Book: “Into the Heart of Borneo” By Redmond O’Hanlon.
Bus Between Kalimantan (Indonesia), Sarawak and Brunei
Indonesian state-run bus firm Damri has served the Pontianak-Kuching-Brunei route since 2008. The Damri Transport Company was appointed by the Indonesian government to operate on the route. The Brunei government appointed JPS company to serve the reverse route Brunei-Kuching-Pontianak. Eight buses each from the two countries have been prepared to serve the route. One-way trip from Brunei to Kuching to Pontianak is 1,200-kilometer long and takes 35 hours. [Source: etawau.com]
There are plenty of bus companies between Pontianak and Kuching. The cost of a return economy class ticket is about IDR380,000 (USD38, 40-50 seats per bus), IDR 200,000 for one-way (At some places it is also possible to pay in MYR since most of the companies are malaysian). While a more comfortable Super Executive class is IDR300,000 (USD32) for return trip (larger size 20-25 seats per bus). As of September 12th, buses will depart and arrive at Sungai Ambawang bus terminal. Most of the bus companies' offices are at Jl. Sisingamangaraja No.155-159 and this is maybe the major point. (The office of one of the major Malaysian companies - SJS, is there. Tel. (0561) 734626,739544,765651.) Also you may check for info at BusAsia (Tebakang Express; other major Malaysian company) web page. There are buses in the morning and in the evening. In evenings the journey from Pontianak usually starts around 9.00 PM WIB (Waktu Indonesia Barat - Western Indonesian Time) with all buses traveling in convoy, the journey is comfortable as drivers are driving moderately. Reaching the border check-points between 4.00 - 6.00 AM WIB (with one or two rest stops in between) just as the checkpoints open their gate. The journey from checkpoints to Kuching is another 2 hours at moderate driving, reaching Kuching regional bus terminal at 7.00 - 9.00 AM Malaysian Standard Time (1 hour ahead of Western Indonesian Time). Buses from Kuching regional bus terminal to Pontianak leave on two schedules, Economy class leaves at 7.00 AM and 1 PM Malaysian Standard Time, while Super Executive class leaves at 11.00 AM Malaysian Standard Time. [Source: Wikitravel]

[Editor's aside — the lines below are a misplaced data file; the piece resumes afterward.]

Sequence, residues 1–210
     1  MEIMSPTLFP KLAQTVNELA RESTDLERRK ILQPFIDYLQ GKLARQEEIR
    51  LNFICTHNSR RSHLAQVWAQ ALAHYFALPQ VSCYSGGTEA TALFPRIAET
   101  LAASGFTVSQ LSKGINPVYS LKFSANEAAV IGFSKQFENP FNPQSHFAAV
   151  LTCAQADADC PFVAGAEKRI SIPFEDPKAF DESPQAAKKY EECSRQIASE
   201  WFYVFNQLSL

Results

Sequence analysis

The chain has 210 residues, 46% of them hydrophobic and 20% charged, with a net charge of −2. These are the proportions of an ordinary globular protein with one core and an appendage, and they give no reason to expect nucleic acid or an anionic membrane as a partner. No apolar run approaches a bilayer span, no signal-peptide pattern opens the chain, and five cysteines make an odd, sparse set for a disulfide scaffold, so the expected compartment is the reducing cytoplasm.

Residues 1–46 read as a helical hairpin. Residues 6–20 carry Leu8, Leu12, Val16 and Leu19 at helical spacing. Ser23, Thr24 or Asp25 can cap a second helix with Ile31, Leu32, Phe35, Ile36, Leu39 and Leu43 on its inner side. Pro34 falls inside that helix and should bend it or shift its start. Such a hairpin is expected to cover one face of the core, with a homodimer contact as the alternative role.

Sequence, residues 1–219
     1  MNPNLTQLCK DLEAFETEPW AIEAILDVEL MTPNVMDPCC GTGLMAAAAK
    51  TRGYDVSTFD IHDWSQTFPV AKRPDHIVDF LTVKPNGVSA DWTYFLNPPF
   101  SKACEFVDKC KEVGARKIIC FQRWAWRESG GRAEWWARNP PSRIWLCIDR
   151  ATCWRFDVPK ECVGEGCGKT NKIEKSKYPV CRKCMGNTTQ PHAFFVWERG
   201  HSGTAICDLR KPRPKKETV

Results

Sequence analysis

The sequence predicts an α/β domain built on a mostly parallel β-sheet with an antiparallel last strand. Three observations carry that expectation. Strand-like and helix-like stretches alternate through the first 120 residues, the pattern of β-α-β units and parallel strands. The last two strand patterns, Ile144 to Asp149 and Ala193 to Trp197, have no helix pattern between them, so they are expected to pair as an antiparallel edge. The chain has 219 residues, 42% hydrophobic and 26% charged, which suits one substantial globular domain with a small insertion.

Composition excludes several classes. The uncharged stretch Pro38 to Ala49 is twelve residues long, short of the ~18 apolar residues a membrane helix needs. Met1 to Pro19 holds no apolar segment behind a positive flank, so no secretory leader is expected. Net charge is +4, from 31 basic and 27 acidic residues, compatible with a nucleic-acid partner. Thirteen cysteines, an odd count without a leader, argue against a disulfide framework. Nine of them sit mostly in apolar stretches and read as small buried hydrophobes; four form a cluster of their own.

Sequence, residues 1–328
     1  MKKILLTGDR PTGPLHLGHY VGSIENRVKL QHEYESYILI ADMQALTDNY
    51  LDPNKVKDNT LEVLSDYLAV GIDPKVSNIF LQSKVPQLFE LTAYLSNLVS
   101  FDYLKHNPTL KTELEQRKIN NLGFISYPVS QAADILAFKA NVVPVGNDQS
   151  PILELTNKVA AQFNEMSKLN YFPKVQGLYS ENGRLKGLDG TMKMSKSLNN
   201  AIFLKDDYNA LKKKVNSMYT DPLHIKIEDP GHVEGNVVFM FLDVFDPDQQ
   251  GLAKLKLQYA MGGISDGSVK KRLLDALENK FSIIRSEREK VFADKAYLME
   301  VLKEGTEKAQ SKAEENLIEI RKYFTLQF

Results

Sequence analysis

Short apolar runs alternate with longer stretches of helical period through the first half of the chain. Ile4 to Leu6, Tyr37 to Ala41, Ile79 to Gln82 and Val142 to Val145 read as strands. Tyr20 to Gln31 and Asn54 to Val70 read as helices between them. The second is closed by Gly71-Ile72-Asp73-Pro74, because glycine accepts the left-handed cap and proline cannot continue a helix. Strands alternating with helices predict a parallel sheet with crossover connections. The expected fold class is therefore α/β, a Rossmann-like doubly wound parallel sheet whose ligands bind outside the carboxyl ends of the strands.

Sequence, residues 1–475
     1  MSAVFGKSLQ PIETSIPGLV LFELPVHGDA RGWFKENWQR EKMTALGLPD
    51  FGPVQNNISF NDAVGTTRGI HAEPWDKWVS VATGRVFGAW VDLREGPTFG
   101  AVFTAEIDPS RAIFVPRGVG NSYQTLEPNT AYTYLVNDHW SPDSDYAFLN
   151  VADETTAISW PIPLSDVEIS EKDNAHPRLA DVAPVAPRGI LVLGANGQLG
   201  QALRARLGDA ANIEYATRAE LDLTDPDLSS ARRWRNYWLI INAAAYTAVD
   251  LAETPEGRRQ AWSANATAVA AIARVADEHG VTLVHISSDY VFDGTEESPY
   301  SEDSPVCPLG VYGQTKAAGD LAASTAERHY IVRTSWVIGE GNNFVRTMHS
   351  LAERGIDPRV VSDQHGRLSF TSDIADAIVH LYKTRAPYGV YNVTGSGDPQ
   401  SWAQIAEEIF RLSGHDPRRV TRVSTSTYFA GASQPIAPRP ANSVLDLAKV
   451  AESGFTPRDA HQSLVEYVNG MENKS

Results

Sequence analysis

Daily bus services between Kuching and Pontianak. Journey is 8-10 hours. Immigration point in Teledu. No bus services from Pontianak to Banjarmasin. Kuching To Pontianak, Indonesia. RM 45.00, 8 hours. Buses depart from Kuching's Penrissen Road Terminal. Biaramas/Tebakang Express (Tel: 456999) at 7.30 am.. SJS (Tel: 456999) at 8 am and 1.00 pm. The up market SJS 'Super Executive' departs 11.00 am and costs RM 70. This bus has more leg room and meals are included. Kirata Express departs 7.30 am Sapphire Pacific at 11 am Sri Merah Express at 7 am and 10 am - book through Vital Focus Transportation (Tel: 453190 or 461277) or Borneo Interland (63 Main Bazaar, Tel: 413595). ATS (Tel: 457773) departs 7.30 am, Eva Express (Tel: 576761) at 7 am (economy) and 11 am (super class, RM 70) and Damri (Tel: 572098) at 8 am, 11.30 am and 1 pm. [Source: etawau.com]
Image Sources: Wikimedia Commons,
Text Sources: Malaysia Tourism websites, Malaysia government websites, UNESCO, Wikipedia, Lonely Planet guides, New York Times, Washington Post, Los Angeles Times, National Geographic, The New Yorker, Bloomberg, Reuters, Associated Press, AFP, Japan News, Yomiuri Shimbun, Compton's Encyclopedia and various books and other publications.
Updated in August 2020